Remove news from Google Search Results with the Right to be Forgotten

According to Article 17 of the General Data Protection Regulation (adopted in 2018), every European user can ask Google to remove news from Google Search Results with the Right to be Forgotten. This right was first established in May 2014 in the European Union as the result of a ruling by the European Court of Justice, who decided that every individual can ask search engines like Google to delist certain results for queries related to his/her name. He/She can ask this delisting if these personal content are irrelevant, inadequate, inaccurate or excessive, so much that they ruin his/her online reputation. 

How to ask Google to remove news from search results?

If you look for your name on Google Search and you find some illegal, irrelevant, inadequate, inaccurate or excessive news about yourself among the Google search Results, you can ask Google to remove them through this webform for the Right to be forgotten. Every search engine has to include this tool for their users, according to the General Data Protection Regulation. Talking about the webform, if you want to submit a request through it, you must include some mandatory information in there: the specific URL of the news you want to be delisted; a description of how these news are related to you and how they attack your online reputation; the reason why you want to delist that content; the search query used to find those news; an email address where you can be reached and where Google can answer to your request.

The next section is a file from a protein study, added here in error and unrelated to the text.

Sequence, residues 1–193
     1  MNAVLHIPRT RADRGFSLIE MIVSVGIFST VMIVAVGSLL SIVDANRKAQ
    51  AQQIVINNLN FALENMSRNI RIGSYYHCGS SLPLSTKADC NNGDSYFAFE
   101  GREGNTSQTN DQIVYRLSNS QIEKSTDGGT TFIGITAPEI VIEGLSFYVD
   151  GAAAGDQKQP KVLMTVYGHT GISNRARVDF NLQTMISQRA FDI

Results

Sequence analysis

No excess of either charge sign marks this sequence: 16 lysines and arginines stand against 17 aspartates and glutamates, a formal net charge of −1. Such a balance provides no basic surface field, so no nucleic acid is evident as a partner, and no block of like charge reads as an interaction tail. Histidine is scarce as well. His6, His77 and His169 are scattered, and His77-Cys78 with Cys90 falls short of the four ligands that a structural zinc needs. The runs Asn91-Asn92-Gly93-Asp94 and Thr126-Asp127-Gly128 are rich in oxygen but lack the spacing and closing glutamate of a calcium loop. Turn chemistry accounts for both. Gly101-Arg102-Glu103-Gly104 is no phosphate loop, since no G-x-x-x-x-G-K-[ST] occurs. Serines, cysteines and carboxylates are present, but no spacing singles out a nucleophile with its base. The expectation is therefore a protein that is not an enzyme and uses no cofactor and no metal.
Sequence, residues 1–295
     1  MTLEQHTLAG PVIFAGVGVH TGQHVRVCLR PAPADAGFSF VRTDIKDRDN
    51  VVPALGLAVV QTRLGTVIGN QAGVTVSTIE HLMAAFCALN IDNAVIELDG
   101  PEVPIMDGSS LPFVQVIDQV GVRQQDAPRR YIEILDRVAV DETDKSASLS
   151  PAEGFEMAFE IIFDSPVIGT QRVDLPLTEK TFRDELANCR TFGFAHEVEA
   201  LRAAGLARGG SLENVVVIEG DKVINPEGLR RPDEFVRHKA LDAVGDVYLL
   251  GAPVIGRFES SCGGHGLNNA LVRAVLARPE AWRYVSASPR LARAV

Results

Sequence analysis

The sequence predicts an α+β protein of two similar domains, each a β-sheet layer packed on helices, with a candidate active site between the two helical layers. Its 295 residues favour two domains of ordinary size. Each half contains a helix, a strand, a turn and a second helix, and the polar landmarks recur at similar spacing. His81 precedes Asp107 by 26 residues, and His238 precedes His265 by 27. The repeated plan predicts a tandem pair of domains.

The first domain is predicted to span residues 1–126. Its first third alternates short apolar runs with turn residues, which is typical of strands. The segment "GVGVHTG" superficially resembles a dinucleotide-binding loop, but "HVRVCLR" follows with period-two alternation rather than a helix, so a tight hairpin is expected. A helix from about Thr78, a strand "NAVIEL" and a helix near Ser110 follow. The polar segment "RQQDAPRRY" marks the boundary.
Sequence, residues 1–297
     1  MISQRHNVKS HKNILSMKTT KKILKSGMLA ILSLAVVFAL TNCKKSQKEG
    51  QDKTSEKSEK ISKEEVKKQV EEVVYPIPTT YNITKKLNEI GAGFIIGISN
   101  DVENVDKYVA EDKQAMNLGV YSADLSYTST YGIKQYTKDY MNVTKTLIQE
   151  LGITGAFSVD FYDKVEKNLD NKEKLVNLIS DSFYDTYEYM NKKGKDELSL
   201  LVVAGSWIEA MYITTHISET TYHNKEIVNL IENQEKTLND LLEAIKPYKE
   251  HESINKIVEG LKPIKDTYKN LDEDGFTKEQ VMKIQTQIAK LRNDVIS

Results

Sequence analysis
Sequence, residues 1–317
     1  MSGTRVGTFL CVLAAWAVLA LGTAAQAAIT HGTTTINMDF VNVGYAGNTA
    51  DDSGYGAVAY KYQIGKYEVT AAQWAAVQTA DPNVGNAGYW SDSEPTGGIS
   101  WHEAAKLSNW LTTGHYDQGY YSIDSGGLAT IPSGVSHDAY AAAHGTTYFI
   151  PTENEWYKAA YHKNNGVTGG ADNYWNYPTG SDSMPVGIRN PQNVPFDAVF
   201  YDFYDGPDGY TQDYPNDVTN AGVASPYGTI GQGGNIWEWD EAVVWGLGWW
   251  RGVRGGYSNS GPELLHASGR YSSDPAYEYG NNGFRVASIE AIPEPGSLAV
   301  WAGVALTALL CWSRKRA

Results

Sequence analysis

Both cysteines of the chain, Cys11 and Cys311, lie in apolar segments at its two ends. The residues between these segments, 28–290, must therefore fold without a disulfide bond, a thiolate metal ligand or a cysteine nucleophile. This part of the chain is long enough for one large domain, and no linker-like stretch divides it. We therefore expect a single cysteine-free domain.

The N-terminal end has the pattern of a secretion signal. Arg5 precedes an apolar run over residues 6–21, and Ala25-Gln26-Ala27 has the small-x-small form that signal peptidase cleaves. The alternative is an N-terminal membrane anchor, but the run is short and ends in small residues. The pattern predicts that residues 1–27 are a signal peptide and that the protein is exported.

How does the process for the right to be forgotten work?

In general, the right to be forgotten concerns every request submitted by a user to ask the search engine to remove some personal and negative content. After sending the request, there will be a manual review of this request by a professional team of reviewers, which will consider whether some criteria are respected and whether to accept it or not. For example, it will consider whether and how the information may be in the public interest and weigh this against your rights under the applicable data protection law. Among the other criteria taken into consideration during Google’s decision process are the origin of the information (where the news comes from), how old the content, the effect on Google’s users, its accuracy and the eventual presence of sensitive data. However, none of these factors are absolute and it can happen that even more than one factor is taken into consideration during the decision process.